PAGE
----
One our favorite places to visit in the Great Smoky Mountain National Park is Cataloochee Valley. The drive there is beautiful, and there is so much to do once you're there.
History of Cataloochee Valley
Cataloochee Valley was once home to a large community and even once a Cherokee Indian hunting ground. Henry Colwell (later changed to Caldwell) purchased land in 1834 and later moved his family into the area in 1834. Young Bennett and family came along with the Caldwell family.
Both families settled in Big Cataloochee where their families and decedents remained until they were forced out by the government when the Great Smoky Mountain National Park was established in the early 1930s.
Cataloochee Valley contains a number of old homes that you can still see and walk through. All built in the late 1800s. The Caldwell house was built by Hiram Caldwell in 1898 - 1903. Woody house and was built by Steve Woody in 1880. The Woody house is accessible via a short hike on Rough Fork Trail.
Cataloochee was a truly remote, and self-sustaining Appalachian Community. Families raised animals, hunted, farmed, and had fruit orchards. Spring houses and home storage areas were used to keep food products and canned goods to use during the winter.
They were also traders, often trading with nearby communities and even the Cherokee Indians. Cataloochee was true country living, and far more difficult than we know country living today.
Where is Cataloochee Valley?
One the things we really like about Cataloochee valley is that it's still pretty remote. Cataloochee Valley is located inside the Great Smoky Mountains National Park, on the North Carolina side, near Maggie Valley NC.
Access into Cataloochee Valley is through Cove Creek Road, which is considered by most to be a crude dirt/gravel road, full of twists and turns and large potholes. Cove Creek Road is accessible from Jonathan Creek Road, exit 20 off I-40. You'll see signs right after you pass under I-40.
Follow Cove Creek Road until it becomes a gravel road, then continue through along this stretch which is very curvy and narrow. When you reach a T intersection with a paved road, head left.
Along the way you'll pass a beautiful overlook, then the Campground, followed by the Ranger station. This is the main area of Cataloochee Valley, and the location where you will generally see the Elk.
Here's a video of the drive in:
Cataloochee Valley Videos
Here is a video we put together, highlighting all the great things to see and do in Cataloochee Valley, including Elk bugling:
Here is a drive video showing the back mountain road you have to take to reach Cataloochee Valley.
Hike Rough Fork trail out to the historic Woody House with us.
Road repairs on the road through Cataloochee Valley. The main road was significantly washed out due to flooding and closed for over a year!
Highlights of our footage from Elk Rut 2021.
Our first visit to Cataloochee Valley in 2021
Elk Rut in Cataloochee Valley - An amazing time to see the Elk.
Early Elk Rut in 2021 - The Bulls were already beginning to show sign of being territorial.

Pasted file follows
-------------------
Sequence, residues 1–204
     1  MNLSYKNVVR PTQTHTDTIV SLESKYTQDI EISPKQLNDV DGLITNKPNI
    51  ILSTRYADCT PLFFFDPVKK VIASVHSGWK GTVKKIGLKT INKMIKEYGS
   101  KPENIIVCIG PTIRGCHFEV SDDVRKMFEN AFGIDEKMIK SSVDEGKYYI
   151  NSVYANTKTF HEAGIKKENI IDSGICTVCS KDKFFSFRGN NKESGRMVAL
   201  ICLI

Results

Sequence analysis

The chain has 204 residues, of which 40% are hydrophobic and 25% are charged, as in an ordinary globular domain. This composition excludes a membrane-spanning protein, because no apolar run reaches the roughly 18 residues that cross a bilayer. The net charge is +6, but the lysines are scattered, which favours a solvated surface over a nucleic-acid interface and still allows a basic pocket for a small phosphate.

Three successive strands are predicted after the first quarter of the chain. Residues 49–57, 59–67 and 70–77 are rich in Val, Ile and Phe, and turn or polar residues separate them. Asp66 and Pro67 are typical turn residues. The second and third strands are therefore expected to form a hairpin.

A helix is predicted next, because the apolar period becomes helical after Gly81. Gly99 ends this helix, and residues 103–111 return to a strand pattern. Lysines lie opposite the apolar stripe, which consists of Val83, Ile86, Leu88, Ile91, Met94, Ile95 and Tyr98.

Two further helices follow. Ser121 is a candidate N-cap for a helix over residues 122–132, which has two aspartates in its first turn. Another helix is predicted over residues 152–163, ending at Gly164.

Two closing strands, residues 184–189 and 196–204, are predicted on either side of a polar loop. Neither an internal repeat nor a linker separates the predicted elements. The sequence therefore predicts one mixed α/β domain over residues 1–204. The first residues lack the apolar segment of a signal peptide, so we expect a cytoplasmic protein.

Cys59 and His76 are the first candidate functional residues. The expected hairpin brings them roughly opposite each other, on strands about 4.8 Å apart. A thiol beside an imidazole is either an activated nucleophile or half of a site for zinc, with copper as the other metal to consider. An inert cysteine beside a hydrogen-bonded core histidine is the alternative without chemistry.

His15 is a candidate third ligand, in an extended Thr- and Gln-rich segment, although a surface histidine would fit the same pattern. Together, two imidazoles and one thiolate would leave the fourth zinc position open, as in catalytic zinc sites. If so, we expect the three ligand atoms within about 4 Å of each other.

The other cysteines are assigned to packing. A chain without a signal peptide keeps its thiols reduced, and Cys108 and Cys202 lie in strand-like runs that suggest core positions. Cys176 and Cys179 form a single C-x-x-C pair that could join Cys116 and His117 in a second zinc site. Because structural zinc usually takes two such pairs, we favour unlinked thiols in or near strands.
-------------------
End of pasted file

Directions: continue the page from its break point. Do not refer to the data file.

Driving into Cataloochee Valley, surrounded by Fall Colors.
Cataloochee Valley was closed during the Covid Pandemic, and this is our first visit just after it re-opened.
Things to do in Cataloochee Valley
There are tons of things to do in Cataloochee Valley. We've been a number of times, and still, haven't seen or done all there is to do.
See the Elk!
One of the biggest attractions for Cataloochee Valley, and the Great Smoky Mountains National Park overall, are the Elk.
In February 2001, 25 Elk where released into the valley. Today, nearly 20 years later, the Elk have prospered, and at least 150 roam the park, many of them in Cataloochee Valley.
- See our Elk Guide -
Learn all about the Elk of the Great Smoky Mountains National Park, in our comprehensive Elk Guide! Full of history, information, viewing tips, safety tips, location information, best times to see them, and of course photos and video.
Here are a few photos of the Elk in Cataloochee Valley:
Explore the Historical Structures
There are a number of historical structures in the valley that date back to pre-park periods. Most of the structures are 20th-century buildings and look fairly modern. There are a few older structures, Cook Cabin and Hannah Cabin are more 1800s looking structures.
Here are a few photos of the structures you can expect to see when visiting.
Little Cataloochee Baptist Church
Hiking in Cataloochee Valley
Cataloochee Valley is the starting point for a number of great hiking trails, including:
Fishing in Cataloochee Valley
Cataloochee Valley streams are a very popular place to go fishing and fly fishing. These creeks have been fished by the original settlers from the very beginning, and actively fished over the years into modern day as well. You can expect to catch lots of trout, including brook trout, brown trout and rainbow trout. Either a NC or TN fishing license is required with a trout option.
Camping in Cataloochee Valley
Cataloochee Valley is home to one of the nicest campgrounds in the Great Smoky Mountains National Park. This beautiful and well maintained creekside campground is very close to the main Elk viewing area for the Valley, and is nestled into the woods for lots of shade and cool temperatures.
The campground contains 27 different sites, and all are by reservation only.
Horseback Riding in Cataloochee Valley
Cataloochee Valley also offers both a horse camp area, and a number of horseback riding trails that are the most coveted horse trails in the park. You'll love the cool and shady canopy, and creekside camping offered.